Ohio has the longest current streak in the nation with 12 consecutive elections voting for the winning presidential candidate; Nevada has the highest rate over the last 100 years at 96 percent (24 of 25 cycles)

Presidential Battleground States by the Numbers Since 1968

Wisconsin and Pennsylvania lead the way with nine races decided by single-digits over the last 11 presidential election cycles; Missouri and Oregon are next with eight

Which States Produce the Most U.S. Senators?

Over the last 100 years Ohio, New York, and Missouri have given birth to the most Senators, while Ohio, Vermont and Mississippi boast the largest percentage of home-born Senators

Which U.S. Senate Seats Have Had the Most Partisan Turnover?

Six seats up for election in 2012 rank in the top 10 for the most frequent change in party control since the introduction of popular vote elections, including Sherrod Brown's (OH), Claire McCaskill's (MO), and Joe Lieberman's (CT)

Missouri Primary Live Blog

3:35 p.m. Last polls close in Missouri at 7:00 p.m. CST. The Democrats will allocate 72 of its 88 convention delegates from the primary vote today: 47 pledged delegates are allocated proportionally based on the vote in each of the state's nine congressional districts, while 25 delegates are allocated based...

McCain Still Top GOP Dog In Battleground States

As tracked here at Smart Politics over the past few months, John McCain continues to prove to be the strongest Republican candidate to defeat the Democrats in 2008. McCain consistently, and by wide margins, polls better than his chief GOP rivals in almost all key battleground states—those states that Republicans...

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Political Crumbs

Mary Burke: English First?

While multiculturalism and bilingualism are increasingly en vogue in some quarters as the world seemingly becomes a smaller place, one very high profile 2014 Democratic candidate does not shy away from the fact that she only speaks one language: English. In an attempt to highlight her private sector credentials working for Trek Bicycle, Wisconsin Democratic gubernatorial nominee Mary Burke boasts on her campaign bio page how she made great strides in international business dealings...while only speaking English: "Despite not speaking a single foreign language, she established sales and distribution operations in seven countries over just three years." Note: According to 2010 Census data, nearly half a million Wisconsinites over five years old speak a language other than English at home, or 8.7 percent, while 4.6 percent of Badger State residents do not speak English at all.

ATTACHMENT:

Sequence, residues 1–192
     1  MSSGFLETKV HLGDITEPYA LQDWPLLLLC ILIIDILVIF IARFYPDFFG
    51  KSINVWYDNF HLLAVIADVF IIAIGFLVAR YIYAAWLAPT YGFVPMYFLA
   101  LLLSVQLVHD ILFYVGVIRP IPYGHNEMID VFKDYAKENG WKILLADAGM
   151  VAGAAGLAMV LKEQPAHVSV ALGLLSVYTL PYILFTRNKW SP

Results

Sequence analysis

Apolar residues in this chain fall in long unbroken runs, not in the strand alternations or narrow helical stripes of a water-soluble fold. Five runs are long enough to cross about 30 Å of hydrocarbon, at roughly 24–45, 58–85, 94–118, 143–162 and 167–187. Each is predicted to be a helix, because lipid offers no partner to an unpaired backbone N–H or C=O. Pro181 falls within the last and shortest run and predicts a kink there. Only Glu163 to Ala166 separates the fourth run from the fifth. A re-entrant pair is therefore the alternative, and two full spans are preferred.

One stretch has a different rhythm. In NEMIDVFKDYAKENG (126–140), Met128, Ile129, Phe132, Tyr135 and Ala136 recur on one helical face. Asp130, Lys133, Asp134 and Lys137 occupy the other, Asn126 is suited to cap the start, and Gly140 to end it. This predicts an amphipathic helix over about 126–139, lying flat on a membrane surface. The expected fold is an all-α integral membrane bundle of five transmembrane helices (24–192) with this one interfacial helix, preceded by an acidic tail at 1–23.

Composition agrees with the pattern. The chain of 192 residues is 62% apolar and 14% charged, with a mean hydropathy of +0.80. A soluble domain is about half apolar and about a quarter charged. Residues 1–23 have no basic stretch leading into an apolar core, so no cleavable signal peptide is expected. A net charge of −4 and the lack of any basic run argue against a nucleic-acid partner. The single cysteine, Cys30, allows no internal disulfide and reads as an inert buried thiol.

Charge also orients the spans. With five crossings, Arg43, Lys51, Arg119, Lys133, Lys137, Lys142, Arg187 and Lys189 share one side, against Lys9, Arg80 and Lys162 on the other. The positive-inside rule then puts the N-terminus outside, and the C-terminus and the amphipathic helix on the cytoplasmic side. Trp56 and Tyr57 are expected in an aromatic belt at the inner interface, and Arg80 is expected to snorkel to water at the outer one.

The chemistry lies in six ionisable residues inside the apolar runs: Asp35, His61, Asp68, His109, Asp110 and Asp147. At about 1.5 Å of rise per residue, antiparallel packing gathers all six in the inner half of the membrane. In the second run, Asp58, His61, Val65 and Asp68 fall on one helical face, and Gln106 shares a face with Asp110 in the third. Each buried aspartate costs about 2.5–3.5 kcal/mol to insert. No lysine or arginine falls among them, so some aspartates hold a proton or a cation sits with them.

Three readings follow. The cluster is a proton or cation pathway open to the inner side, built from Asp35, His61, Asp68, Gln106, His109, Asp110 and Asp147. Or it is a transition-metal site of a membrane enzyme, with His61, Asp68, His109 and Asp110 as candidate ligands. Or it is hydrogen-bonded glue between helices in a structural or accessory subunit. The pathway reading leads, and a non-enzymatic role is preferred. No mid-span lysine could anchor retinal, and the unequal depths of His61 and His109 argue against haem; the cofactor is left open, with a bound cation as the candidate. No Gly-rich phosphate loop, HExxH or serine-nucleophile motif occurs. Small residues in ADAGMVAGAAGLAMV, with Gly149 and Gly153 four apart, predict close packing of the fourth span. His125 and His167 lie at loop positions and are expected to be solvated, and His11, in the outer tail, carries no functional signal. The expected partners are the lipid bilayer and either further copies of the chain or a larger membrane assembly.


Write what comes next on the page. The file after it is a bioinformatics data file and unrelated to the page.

Does My Key Still Work?

Much has been made about Charlie Crist's political transformation from Republican to independent to Democrat en route to winning the Florida GOP and Democratic gubernatorial nominations over a span of eight years. Party-switching aside, Crist is also vying to become just the second Florida governor to serve two interrupted terms. Democrat William Bloxham was the first - serving four year terms from 1881 to 1885 and then 1897 to 1901. Florida did not permit governors serving consecutive terms for most of its 123 years prior to changes made in its 1968 constitution. Since then four have done so: Democrats Reubin Askew, Bob Graham, and Lawton Chiles and Republican Jeb Bush.